An undated handwritten note by the Begum suggested that rainwater often seeped into the palace. “What is falling in Malcha Mahal Palace. Built by Emperor Feroz Shah. 13th century. Whose every inch of roof is ruptured flooding. All the rooms with rain water. Stones from the ceiling. Having no electricity and water. The vague assurance — declaration of the government of India,” the note reads.

What is discovered after the death of Prince Ali are the family belongings including old shoes, a typewriter, porcelain crockery, copper vessels, carpets, magazines, a corroded sword, a collection of family photographs, wads of visiting cards of foreign journalists and diplomats, copies of biography written by Princess Sakina Mahal and a collection of elegies and sonnets in Urdu penned by 19th century Awadhi poet Mir Baber Ali Anees.

The articles and documents may be of historical importance. The government must take over these things and also the structure. Though Malcha Mahal is not a protected monument in the list of Archeological Survey of India (ASI)

Before the family shifted to the Malcha Mahal, it was living at the platform no: 1 of New Delhi Railway Station and waited for an accommodation to be allotted  that was acceptable to then and suited the ‘royal stature’ in lieu of their ancestral properties that were taken over by the British after Oudh was annexed in 1856.

The stay of the royal family at the railway station was questioned in the Indian parliament and it was after the intervention of the then prime minister, Mrs Indira Gandhi that Malcha Mahal or Tughlaq’s lodge was allotted to the family.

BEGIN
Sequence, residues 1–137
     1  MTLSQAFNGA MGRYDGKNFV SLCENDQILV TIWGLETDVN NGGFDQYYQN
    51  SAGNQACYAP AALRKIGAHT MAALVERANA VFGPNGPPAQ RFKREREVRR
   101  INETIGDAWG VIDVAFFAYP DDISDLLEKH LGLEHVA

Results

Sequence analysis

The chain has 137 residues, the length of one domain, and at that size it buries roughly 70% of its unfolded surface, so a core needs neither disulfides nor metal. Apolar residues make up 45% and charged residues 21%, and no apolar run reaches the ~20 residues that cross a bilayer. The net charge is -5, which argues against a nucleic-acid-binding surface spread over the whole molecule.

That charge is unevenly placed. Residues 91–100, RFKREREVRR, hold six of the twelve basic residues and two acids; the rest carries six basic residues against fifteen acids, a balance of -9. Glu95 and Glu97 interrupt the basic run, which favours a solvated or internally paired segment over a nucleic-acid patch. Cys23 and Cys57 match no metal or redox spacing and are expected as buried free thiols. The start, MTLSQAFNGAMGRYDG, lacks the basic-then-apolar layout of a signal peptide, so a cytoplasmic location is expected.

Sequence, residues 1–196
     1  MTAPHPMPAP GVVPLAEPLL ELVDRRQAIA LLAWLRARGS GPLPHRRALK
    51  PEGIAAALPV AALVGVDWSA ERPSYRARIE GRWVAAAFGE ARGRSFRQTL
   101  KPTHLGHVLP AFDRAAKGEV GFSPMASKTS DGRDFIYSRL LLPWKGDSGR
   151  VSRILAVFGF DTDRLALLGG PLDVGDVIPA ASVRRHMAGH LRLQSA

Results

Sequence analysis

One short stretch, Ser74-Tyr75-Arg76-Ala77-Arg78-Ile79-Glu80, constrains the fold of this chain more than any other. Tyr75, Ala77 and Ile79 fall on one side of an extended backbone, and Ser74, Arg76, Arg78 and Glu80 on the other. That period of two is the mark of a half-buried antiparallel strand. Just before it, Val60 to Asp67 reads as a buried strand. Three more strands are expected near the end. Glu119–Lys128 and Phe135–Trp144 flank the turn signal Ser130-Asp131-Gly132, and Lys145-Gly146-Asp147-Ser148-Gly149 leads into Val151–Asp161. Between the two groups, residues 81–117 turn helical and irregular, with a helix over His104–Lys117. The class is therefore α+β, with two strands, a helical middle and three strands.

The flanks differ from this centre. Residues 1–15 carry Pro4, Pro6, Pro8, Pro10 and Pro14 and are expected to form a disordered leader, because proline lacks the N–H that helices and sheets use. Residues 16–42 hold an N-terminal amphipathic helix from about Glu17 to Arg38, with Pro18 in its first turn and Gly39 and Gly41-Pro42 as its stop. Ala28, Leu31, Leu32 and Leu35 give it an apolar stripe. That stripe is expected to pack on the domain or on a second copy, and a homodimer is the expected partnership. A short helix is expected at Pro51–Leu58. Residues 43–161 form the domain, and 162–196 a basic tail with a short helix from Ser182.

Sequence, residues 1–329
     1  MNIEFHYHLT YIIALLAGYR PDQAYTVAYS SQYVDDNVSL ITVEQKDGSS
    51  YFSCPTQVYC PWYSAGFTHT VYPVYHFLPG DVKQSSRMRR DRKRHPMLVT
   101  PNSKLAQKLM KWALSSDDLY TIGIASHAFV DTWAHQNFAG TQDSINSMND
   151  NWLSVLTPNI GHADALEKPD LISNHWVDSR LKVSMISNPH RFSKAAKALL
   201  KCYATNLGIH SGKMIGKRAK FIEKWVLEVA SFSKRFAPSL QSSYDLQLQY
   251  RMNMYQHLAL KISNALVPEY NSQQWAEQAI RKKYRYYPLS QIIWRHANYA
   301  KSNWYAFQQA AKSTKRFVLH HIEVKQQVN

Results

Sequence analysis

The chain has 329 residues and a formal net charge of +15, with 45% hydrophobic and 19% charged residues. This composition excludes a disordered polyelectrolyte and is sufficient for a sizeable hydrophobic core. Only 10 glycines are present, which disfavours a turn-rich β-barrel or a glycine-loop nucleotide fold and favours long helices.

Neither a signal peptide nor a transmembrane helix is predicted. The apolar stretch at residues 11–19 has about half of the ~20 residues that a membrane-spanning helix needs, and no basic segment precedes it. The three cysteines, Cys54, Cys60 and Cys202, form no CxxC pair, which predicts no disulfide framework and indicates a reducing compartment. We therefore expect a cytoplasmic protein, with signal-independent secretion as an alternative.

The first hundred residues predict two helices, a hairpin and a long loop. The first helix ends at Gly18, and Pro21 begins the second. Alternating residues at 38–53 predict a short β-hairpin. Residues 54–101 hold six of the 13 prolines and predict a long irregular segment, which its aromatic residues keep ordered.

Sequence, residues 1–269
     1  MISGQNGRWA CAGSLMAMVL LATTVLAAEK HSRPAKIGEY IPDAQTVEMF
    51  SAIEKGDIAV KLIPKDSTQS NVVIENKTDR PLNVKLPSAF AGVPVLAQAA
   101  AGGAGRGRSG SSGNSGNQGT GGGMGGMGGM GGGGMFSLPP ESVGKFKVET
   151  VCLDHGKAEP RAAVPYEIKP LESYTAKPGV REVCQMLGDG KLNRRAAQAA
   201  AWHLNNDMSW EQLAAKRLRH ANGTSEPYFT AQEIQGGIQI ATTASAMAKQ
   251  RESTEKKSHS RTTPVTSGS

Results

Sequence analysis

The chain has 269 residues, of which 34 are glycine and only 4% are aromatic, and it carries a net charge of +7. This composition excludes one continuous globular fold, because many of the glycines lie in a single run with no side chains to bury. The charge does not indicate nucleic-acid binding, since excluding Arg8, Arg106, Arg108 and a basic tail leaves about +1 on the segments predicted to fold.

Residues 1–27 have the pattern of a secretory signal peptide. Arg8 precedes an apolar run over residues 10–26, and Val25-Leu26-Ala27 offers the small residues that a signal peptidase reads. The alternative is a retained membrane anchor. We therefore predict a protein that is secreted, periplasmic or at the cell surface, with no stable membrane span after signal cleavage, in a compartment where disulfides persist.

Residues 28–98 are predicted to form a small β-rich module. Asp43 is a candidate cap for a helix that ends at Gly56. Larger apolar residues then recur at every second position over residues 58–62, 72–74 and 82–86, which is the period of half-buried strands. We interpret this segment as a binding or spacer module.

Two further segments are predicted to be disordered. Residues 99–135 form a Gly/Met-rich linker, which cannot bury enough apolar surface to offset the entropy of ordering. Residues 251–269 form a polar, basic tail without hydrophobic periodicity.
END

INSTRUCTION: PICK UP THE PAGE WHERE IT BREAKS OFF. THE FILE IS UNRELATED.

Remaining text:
“The Mahal was out of bounds to visitors, which was protected with barbed wires all around and 12 big dogs. After years, servants left and dogs died,” writes R.V.Smith – a renowned writer.

The New York Times in 1981 reported that Begum was provided a small palace in Srinagar after Independence, arranged by then Prime Minister of India, Pandit Jawahar Lal Nehru on the request for ‘restitution of the Lucknow properties under advisement’. But she returned to New Delhi after the palace in Srinagar was burnt in fire in 1971.

 “The Kashmir palace burned to the ground and the Begum says that arsonists were responsible. She hints that they were government agents and that religious and communal motives lay behind the attack. It was just after the fire that the begum brought her family and retinue to the train station to be able to better advance her cause by calling on ministers,” New York Times reported.

Wilayat Mahal was also being offered a house in Aliganj area of Lucknow in 1977, when this new colony was being developed (now a posh residential locality of Lucknow) but she refused the offer and rather preferred staying at Malcha Mahal, believing that this palace suited her royal status.

In December 1993 at the age of 62 Begum Wilayat Mahal committed suicide presumably by consuming diamonds. Later Prince Ali’s also died a few year ago, though no one knows her death date.

The entire story of Malcha Marg is mysterious and somehow the mystery is still unsolved.  The story is a dark realty of royalty that went against the British and how they were even forlorn by our own governments later after independence.